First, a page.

Unless you have been hiding under a rock for the last couple of months, chances are you have already heard the news about the Woodford Equity Income Fund, which is now suspended for dealing (and whilst writing has now been closed). It’s extensive coverage in the media means it’s an event that has launched 1,000 headlines – but what does it mean?

The Woodford Equity Income Fund has been a firm favourite with direct investors for some time. Thanks to the strong track record that its fund manager, Neil Woodford, has built over a long career, investors entrusted him with over £10billion of their investments at one point in time, but recently that love has waned and assets have fallen back to around £4 billion.

As investors in the fund decided to take their money elsewhere, the ability of Mr Woodford to sell down holdings to give people their money back has been impaired – particularly in the non-listed, private equity elements of the portfolio.

To avoid having to sell positions at any price, on 3 June 2019 the fund ACD Link Fund Solutions took the decision to suspend dealing in the fund to allow a more orderly sale process to take place. That means investors can’t buy or sell the fund (or its feeders) at all, and won’t be able to until the suspension is lifted.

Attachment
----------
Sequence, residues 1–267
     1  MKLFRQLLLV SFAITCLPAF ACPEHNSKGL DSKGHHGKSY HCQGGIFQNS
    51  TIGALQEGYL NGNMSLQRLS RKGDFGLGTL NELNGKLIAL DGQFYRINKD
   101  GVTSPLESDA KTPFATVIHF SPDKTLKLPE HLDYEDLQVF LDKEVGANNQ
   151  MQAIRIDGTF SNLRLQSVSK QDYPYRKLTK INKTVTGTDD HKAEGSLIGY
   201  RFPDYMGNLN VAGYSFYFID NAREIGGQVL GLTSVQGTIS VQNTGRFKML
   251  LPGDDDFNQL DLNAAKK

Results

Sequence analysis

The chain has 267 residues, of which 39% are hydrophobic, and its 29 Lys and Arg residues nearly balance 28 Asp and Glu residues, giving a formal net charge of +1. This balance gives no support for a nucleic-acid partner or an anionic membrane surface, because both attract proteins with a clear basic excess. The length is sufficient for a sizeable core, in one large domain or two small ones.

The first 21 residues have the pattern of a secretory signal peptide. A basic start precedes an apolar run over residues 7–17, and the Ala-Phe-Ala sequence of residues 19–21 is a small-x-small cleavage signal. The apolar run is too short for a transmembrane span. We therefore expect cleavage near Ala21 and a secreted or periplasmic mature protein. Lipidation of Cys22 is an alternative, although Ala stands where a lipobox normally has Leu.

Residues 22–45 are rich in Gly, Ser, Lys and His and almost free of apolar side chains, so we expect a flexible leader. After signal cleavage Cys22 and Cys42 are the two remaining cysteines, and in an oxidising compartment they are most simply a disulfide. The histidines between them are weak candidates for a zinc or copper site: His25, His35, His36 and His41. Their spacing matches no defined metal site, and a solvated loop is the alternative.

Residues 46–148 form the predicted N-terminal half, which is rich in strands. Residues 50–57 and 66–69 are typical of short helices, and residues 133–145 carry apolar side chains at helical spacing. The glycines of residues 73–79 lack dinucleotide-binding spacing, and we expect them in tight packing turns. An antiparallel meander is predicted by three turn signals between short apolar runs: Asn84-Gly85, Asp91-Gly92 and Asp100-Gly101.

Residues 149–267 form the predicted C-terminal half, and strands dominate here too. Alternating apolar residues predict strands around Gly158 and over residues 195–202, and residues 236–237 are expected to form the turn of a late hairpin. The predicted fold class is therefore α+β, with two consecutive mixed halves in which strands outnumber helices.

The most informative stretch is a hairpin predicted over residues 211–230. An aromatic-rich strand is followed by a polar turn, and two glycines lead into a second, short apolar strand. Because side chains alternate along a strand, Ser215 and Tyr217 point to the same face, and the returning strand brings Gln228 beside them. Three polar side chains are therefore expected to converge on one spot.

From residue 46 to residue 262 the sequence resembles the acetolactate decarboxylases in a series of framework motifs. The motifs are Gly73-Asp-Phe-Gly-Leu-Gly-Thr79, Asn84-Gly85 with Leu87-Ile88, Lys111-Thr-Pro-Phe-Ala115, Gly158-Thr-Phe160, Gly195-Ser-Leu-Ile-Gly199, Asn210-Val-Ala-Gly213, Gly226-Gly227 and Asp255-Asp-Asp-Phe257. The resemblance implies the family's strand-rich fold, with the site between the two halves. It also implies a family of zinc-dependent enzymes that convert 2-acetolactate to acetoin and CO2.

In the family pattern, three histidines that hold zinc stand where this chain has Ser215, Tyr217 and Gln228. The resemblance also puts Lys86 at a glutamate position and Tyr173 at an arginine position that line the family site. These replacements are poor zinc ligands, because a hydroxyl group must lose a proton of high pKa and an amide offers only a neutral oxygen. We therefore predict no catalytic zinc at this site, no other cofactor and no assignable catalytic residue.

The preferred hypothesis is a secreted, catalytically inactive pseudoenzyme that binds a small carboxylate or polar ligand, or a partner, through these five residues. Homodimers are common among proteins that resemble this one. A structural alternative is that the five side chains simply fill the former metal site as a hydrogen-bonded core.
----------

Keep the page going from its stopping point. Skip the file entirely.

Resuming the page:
How does stopping clients getting access to their money act in their best interests?

Given the exposure to illiquid and even non-listed shares within the portfolio, it’s hard to know with any certainty what the true value of those positions are, especially in the event of a forced ‘fire’ sale. If these stocks were sold at distressed prices, the value of the fund would probably fall significantly.